Above is the Tourist Multiple from 1913. You literally loaded it with cine film (35mm still film stock was ~15-20 years away). You could shoot a whopping 750 frames with this according to this overview from Mike Eckman. And it had an impressive spec for its day and actually compared to many on our list.

4 half frame compacts
4 classic era half frame compacts. From top left clockwise Olympus PEN EE-2, Canon Demi, FED Mikron, Konica EYE

Half frame’s heyday was late 50’s through the 60’s allowing for ultracompact cameras that provided twice the shots a roll. But by the 1970’s film prices had fallen as had full frame camera sizes. And although the format limped on with cameras like the Yashica Samurai series it had all but died off by the turn of the century

A Plastic Rebirth

If we did this list back in 2014 only 3 names would appear as at that point only these two had started making half frame cameras again. In 2007 Japanese plastic camera makers Powershovel’s launched the Superheadz golden half.. This was simple box camera with 2 apertures and a hotshoe allied to a 22mm 2 element lens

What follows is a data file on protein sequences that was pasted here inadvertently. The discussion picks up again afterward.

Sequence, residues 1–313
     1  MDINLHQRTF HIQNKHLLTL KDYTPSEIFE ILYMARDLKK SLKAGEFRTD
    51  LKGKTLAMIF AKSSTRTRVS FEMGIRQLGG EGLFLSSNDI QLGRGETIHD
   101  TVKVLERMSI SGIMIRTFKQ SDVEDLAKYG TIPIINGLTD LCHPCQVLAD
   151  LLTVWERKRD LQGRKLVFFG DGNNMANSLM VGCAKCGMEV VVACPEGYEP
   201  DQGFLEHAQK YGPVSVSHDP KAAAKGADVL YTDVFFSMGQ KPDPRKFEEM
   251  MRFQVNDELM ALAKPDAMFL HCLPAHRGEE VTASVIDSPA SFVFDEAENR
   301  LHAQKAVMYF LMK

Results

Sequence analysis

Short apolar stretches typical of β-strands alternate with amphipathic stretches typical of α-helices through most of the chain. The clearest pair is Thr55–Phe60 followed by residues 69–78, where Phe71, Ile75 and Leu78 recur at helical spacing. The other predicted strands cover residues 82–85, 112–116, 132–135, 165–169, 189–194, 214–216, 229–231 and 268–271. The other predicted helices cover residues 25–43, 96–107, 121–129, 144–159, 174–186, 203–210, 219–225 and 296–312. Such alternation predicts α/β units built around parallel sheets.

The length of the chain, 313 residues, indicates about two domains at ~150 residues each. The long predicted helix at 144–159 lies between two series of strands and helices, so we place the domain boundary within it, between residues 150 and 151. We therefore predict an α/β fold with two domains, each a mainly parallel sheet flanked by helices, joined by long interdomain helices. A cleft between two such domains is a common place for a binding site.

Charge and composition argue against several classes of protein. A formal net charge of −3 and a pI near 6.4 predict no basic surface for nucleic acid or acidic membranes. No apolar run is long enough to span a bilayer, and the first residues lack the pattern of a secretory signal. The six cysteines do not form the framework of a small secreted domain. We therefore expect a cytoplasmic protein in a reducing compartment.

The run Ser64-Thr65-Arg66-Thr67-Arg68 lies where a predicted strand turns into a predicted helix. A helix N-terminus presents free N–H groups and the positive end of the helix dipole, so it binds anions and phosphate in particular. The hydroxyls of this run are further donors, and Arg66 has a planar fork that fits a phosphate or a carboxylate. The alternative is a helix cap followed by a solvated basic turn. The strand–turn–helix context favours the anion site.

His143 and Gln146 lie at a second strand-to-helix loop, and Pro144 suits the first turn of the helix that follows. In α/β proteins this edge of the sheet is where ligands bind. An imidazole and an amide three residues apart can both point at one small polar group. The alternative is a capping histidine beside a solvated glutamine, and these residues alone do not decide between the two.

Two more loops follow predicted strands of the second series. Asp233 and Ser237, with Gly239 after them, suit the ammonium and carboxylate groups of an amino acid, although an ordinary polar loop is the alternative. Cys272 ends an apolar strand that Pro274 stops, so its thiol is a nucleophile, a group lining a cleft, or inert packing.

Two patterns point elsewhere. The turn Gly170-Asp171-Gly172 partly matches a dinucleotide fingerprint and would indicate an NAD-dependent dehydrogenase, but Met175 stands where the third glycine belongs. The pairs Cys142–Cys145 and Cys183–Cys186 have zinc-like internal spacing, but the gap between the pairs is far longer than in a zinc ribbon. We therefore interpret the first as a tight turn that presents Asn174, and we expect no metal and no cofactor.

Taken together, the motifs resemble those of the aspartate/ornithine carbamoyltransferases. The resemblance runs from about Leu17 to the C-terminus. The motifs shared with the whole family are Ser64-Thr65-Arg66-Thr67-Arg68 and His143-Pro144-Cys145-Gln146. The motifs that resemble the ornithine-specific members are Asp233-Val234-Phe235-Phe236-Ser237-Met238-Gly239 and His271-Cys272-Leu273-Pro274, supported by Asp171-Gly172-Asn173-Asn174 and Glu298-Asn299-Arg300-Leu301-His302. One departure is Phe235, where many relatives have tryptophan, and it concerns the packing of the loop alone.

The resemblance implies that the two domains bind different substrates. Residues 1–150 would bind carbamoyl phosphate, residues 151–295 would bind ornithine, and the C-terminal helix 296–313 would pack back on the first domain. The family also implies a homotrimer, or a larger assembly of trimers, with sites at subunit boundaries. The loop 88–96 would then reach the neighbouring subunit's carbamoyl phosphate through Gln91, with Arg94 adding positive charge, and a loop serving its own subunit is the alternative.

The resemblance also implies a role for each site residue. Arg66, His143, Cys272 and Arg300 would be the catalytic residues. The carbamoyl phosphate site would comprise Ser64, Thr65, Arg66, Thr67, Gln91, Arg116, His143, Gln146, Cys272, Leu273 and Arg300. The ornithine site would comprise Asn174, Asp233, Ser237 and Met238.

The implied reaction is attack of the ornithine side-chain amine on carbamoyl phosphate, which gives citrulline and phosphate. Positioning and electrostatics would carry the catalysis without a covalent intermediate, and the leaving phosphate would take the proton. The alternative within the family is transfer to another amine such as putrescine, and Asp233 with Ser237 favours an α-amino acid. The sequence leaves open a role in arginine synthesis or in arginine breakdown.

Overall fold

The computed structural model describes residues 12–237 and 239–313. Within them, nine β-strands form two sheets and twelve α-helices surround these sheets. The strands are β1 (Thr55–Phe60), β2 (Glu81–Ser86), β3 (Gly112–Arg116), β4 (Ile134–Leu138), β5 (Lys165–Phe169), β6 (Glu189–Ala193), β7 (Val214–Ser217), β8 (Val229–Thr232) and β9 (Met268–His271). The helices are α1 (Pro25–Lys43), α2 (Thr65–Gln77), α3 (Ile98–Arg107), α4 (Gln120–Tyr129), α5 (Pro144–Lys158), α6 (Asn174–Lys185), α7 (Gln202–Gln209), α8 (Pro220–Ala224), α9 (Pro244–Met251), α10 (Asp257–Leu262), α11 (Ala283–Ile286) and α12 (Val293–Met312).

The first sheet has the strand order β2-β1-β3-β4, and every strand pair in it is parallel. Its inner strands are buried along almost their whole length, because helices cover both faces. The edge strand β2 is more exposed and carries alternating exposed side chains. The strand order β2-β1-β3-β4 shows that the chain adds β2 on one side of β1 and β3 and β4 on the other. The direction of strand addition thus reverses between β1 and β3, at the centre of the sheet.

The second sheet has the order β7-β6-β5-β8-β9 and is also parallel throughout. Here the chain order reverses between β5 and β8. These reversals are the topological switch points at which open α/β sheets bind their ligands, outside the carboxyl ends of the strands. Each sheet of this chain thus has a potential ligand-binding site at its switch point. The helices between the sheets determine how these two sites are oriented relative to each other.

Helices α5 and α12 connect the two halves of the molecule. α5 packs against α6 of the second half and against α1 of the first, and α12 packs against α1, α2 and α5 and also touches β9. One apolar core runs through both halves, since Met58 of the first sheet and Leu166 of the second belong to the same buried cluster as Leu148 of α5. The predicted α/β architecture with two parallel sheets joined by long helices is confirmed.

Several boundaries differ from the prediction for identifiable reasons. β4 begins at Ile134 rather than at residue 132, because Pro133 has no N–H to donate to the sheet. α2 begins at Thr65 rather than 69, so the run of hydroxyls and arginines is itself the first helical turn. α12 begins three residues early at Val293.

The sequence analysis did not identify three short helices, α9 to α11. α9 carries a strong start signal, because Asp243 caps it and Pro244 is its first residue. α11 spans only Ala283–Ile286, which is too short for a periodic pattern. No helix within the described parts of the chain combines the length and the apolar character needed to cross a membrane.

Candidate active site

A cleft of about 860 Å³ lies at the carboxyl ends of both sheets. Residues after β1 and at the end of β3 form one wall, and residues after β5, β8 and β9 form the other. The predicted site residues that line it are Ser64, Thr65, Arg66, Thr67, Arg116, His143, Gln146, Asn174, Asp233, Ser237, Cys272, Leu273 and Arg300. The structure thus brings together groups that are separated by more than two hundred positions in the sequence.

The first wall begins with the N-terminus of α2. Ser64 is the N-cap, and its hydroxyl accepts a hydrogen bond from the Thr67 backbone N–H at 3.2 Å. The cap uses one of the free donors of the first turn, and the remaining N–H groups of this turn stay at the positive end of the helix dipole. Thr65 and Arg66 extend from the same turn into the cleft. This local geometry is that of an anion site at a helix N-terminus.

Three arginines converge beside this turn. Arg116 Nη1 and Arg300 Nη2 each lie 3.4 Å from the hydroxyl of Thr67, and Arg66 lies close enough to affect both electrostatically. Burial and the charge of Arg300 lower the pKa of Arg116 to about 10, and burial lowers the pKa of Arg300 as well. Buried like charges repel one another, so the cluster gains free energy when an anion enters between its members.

Golden Half, A Half Frame from powershovel. Image Courtesy of Peggy Marsh
Golden Half. Image Courtesy of Peggy Marsh

It is no longer made but you can track it down on a certain auction site that rhymes with no way. I’ve not included it but you can see some sample shots on Peggy Marsh’s review.

In 2009 Lomography launched the Diana Mini which had optional half frame. As we’ll see they stuck with it and would add another camera. But both Lomography cameras had half frame as an optional setting.

But it would take upstarts Reto to shake things up in 2020’s for half frame to move from the Lo-fi novelty to more mainstream.

Why the Change in 2022 ?

As we’ll see Reto’s cameras are good, but they also arrive at just the right time for a few reasons.